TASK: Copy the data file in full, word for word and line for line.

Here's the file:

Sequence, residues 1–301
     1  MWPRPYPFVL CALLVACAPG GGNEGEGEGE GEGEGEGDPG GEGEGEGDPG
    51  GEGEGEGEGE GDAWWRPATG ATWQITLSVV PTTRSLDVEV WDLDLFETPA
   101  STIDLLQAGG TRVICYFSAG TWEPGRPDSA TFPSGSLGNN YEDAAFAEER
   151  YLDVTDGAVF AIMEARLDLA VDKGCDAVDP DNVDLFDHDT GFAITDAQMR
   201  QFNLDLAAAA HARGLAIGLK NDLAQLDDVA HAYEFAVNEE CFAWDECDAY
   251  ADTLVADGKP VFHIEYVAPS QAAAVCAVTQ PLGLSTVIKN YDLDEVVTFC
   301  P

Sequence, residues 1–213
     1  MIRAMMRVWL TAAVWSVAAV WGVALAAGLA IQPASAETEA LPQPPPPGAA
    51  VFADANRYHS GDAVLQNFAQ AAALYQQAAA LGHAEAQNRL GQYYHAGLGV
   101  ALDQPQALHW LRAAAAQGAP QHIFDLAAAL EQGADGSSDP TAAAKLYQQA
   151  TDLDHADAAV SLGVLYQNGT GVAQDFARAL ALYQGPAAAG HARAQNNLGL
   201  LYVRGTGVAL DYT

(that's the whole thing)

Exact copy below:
Sequence, residues 1–301
     1  MWPRPYPFVL CALLVACAPG GGNEGEGEGE GEGEGEGDPG GEGEGEGDPG
    51  GEGEGEGEGE GDAWWRPATG ATWQITLSVV PTTRSLDVEV WDLDLFETPA
   101  STIDLLQAGG TRVICYFSAG TWEPGRPDSA TFPSGSLGNN YEDAAFAEER
   151  YLDVTDGAVF AIMEARLDLA VDKGCDAVDP DNVDLFDHDT GFAITDAQMR
   201  QFNLDLAAAA HARGLAIGLK NDLAQLDDVA HAYEFAVNEE CFAWDECDAY
   251  ADTLVADGKP VFHIEYVAPS QAAAVCAVTQ PLGLSTVIKN YDLDEVVTFC
   301  P

Sequence, residues 1–213
     1  MIRAMMRVWL TAAVWSVAAV WGVALAAGLA IQPASAETEA LPQPPPPGAA
    51  VFADANRYHS GDAVLQNFAQ AAALYQQAAA LGHAEAQNRL GQYYHAGLGV
   101  ALDQPQALHW LRAAAAQGAP QHIFDLAAAL EQGADGSSDP TAAAKLYQQA
   151  TDLDHADAAV SLGVLYQNGT GVAQDFARAL ALYQGPAAAG HARAQNNLGL
   201  LYVRGTGVAL DYT